What Is and What Isn’t a Bigfoot Story

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My research for the book has me knee deep in the history of the Bigfoot legend in North America. The hardest part, though, is weeding through stories that at first appear to be Bigfoot related but turn out to be something different. Some of these are hoaxes, some are jokes, some turn out to be fictional stories, and some are thought by some to be actual Bigfoot encounters but don’t follow the patterns of most experiences.

The Wendigo

One example of this is the Wendigo of Native American lore. There are some researchers who believe that the Wendigo is simply a name for Bigfoots. While the tribes that describe them attribute supernatural qualities to them, they believe the description of the creature itself matches Bigfoot. I cannot ascribe to this as the descriptions vary between tribes and only a few mention it being tall. It is almost always described as thin and cannibalistic. Cannibalistic in this sense means “eats humans” as the legend sometimes goes that Wendigo was originally human.

I don’t think stories of the Wendigo should very often be thought of as interpretations of Sasquatch encounters. Only if all the behavior and appearance falls within what one would expect should this explanation be considered. It seems that most Wendigo encounters fall into the realm of a spiritual or psychological experience.

Jacko The Ape-Boy

This story has been recounted possibly thousands of times since it first appeared in a British Columbia newspaper in 1884. Some still believe it to be true, and an example of a juvenile Bigfoot being captured. I will leave it to you if you want to dig deeper, but here are the basics:

A newspaper ran a story about a gorilla or gorilla-like creature that had been captured and confined to jail cell in British Columbia. In the 1950s a reporter dug up this old story and shared it with some pretty famous Sasquatch researchers, one of whom included the tale in a book. Since then, the tale has had a life of its own, leading even some seasoned scientists down its path.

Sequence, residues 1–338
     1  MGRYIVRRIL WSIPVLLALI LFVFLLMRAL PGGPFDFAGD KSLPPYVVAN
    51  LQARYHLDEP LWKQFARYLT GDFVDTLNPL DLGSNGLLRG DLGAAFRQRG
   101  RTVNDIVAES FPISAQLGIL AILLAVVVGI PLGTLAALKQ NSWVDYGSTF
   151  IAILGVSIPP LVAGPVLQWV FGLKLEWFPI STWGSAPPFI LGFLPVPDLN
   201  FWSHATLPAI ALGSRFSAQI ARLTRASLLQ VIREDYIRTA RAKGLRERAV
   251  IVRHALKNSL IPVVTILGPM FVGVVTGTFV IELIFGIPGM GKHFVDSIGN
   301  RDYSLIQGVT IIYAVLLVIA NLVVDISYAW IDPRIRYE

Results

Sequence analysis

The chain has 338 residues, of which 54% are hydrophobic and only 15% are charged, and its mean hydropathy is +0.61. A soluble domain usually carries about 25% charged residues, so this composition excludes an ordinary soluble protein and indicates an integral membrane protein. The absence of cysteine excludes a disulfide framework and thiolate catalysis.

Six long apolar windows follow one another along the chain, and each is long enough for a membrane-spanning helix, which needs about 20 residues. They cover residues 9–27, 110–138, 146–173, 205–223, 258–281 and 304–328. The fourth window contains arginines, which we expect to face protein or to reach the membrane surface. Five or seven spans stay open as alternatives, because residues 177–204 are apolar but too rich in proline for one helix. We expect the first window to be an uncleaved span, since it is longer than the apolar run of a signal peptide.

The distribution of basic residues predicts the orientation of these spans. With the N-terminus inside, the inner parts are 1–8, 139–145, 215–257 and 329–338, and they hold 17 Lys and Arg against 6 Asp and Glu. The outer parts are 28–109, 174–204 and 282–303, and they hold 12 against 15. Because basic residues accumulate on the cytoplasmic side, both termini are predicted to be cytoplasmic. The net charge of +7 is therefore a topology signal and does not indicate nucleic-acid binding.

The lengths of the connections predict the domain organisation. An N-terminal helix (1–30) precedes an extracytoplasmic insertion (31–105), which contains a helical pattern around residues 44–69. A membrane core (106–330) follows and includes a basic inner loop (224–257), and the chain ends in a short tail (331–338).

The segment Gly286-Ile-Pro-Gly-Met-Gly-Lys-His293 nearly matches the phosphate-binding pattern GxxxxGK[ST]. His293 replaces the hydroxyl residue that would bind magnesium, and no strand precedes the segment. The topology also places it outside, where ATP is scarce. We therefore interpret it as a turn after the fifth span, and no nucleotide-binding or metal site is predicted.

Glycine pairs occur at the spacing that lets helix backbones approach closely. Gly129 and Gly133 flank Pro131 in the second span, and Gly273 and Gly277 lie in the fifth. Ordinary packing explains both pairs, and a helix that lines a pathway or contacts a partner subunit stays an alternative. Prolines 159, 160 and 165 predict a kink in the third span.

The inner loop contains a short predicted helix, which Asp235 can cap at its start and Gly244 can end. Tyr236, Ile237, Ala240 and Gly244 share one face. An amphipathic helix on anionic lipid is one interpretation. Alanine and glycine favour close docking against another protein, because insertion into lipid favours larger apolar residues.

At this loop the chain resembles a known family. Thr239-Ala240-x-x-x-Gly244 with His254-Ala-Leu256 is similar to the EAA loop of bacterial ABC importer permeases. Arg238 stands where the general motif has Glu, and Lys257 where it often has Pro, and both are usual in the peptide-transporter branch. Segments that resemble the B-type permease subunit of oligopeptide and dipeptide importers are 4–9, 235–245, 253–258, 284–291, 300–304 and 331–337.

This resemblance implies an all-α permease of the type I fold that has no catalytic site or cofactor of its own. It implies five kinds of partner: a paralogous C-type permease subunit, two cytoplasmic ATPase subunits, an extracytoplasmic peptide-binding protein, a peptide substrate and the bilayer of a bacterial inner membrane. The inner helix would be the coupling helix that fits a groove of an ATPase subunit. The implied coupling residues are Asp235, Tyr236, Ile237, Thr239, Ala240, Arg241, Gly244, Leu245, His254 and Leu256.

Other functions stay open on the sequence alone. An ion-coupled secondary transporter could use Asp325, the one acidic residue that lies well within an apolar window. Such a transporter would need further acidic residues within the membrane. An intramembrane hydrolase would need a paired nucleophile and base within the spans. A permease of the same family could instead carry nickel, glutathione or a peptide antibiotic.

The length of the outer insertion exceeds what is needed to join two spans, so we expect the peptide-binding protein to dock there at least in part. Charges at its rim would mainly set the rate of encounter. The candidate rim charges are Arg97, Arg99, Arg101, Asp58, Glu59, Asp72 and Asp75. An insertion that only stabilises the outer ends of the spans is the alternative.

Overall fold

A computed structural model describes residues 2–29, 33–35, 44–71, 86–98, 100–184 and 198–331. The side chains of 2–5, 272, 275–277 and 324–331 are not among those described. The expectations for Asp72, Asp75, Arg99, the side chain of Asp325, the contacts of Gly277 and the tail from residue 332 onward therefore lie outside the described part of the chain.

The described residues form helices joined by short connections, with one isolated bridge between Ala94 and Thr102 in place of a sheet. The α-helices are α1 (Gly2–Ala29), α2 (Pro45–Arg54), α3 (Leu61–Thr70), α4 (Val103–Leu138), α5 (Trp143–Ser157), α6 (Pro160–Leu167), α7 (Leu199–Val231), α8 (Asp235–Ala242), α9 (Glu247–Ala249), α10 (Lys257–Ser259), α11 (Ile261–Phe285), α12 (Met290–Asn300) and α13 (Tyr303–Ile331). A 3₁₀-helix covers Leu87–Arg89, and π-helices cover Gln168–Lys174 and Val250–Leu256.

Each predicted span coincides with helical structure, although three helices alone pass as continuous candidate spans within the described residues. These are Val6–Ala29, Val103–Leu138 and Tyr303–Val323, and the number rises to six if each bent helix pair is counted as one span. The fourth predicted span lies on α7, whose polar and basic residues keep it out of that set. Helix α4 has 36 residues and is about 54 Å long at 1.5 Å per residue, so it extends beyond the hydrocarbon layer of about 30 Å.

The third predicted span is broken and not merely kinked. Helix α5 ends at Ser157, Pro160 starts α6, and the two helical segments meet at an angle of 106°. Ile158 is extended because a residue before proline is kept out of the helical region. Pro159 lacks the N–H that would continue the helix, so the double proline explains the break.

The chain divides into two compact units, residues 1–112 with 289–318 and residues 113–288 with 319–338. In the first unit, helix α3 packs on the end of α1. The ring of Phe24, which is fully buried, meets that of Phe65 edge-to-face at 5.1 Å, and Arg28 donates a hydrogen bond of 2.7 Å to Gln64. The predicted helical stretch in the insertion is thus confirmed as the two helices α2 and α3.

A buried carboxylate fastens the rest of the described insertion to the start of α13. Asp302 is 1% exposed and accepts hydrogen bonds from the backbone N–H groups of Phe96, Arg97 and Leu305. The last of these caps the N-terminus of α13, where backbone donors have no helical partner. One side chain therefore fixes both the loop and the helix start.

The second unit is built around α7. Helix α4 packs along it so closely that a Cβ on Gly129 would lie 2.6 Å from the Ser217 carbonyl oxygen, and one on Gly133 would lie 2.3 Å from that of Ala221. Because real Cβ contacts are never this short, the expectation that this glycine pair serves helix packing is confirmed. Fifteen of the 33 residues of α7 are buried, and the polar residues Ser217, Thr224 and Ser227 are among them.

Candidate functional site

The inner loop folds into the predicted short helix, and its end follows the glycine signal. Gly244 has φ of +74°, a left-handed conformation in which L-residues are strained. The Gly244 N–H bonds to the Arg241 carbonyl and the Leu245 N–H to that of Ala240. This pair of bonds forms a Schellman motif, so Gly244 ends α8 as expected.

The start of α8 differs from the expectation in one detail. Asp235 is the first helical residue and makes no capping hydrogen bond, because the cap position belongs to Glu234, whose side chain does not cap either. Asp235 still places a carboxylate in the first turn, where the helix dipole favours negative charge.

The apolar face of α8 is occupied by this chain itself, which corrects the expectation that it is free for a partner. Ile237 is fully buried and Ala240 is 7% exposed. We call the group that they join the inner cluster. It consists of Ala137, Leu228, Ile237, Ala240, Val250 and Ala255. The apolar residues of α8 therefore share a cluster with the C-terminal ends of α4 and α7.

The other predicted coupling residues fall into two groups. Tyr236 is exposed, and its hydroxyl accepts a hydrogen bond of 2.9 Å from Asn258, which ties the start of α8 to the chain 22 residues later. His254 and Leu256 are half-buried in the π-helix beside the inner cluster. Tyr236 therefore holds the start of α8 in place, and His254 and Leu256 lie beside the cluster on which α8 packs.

The unfortunate truth, however, is that this was probably a work of fiction from the start. There are no records to back up the story outside of the article, and though some of the people mentioned existed, it seems they never mentioned the event. John Kirk uncovered that one of the people from the story was a prolific photographer, yet no photos of Jacko exist.

Newspapers used to do this a lot. They would publish a fictional story as a matter of entertainment, not really to fool anyone, just to provide enjoyable content. Think about it as if National Enquirer wasn’t its own publication, but just sold stories to different papers. This makes research hard sometimes. Often the article appears as a normal article, just like the rest. Further research, though, will find that the first piecele you saw was an excerpt and the larger story does indeed mark it as fiction.

April 1st is a Bad Day to Run a Story

The Boston Daily Times ran a story on April 1st, 1839 about a man named Robert Lincoln who worked for a lumber company out on an expedition and captured a “wild man” and “cubs”. It was quickly dubbed and American Ourang-Outang (sic) and the story was shared with newspapers all across the country for weeks. Mr. Lincoln was quoted as saying he would submit the creature for scientific inquiry and then sell it to an exhibitioner once he returned. Then nothing else of this tale was ever heard, as far as I can find.

It is probably an April Fools joke by the newspaper. They don’t state that, but the timing is curious. Also curious is the lack of follow up on this story anywhere. Ever.

Sometimes a “Wild Man” is Just a Man

When searching for stories of our elusive ape-like friend I find many stories of “wild men”. Unfortunately a lot of those stories are just about men who have shunned their local town in one way or another and live a more, shall we say, unfettered lifestyle.

The August 31st, 1826 edition of the Delaware Advertiser and Farmer’s Journal has two lines about such a case:

A wild man has been caught in the woods in Haverhill, Mass. He refuses to live in society.

Delaware Advertiser and Farmer’s Journal, August 31, 1826

There a few other stories that have a similar theme. They seem promising at first, but turn out to be known to be humans.

Digging Deep

The history of Sasquatch in North America is fascinating, but also a difficult research project. My hat is off to the authors who have done a lot of the leg work in my journey for me. Next week I will list the books I am using as references for the history portion of my book. For now, there is more digging to be done.

Chad Gatlin

I have been a Firefighter, a Radio Personality, a Writer, and an Insurance Agent. Now I am adding Author to that list! I have had a long interest in the weird and unexplained, and love to discuss and debate these subjects.

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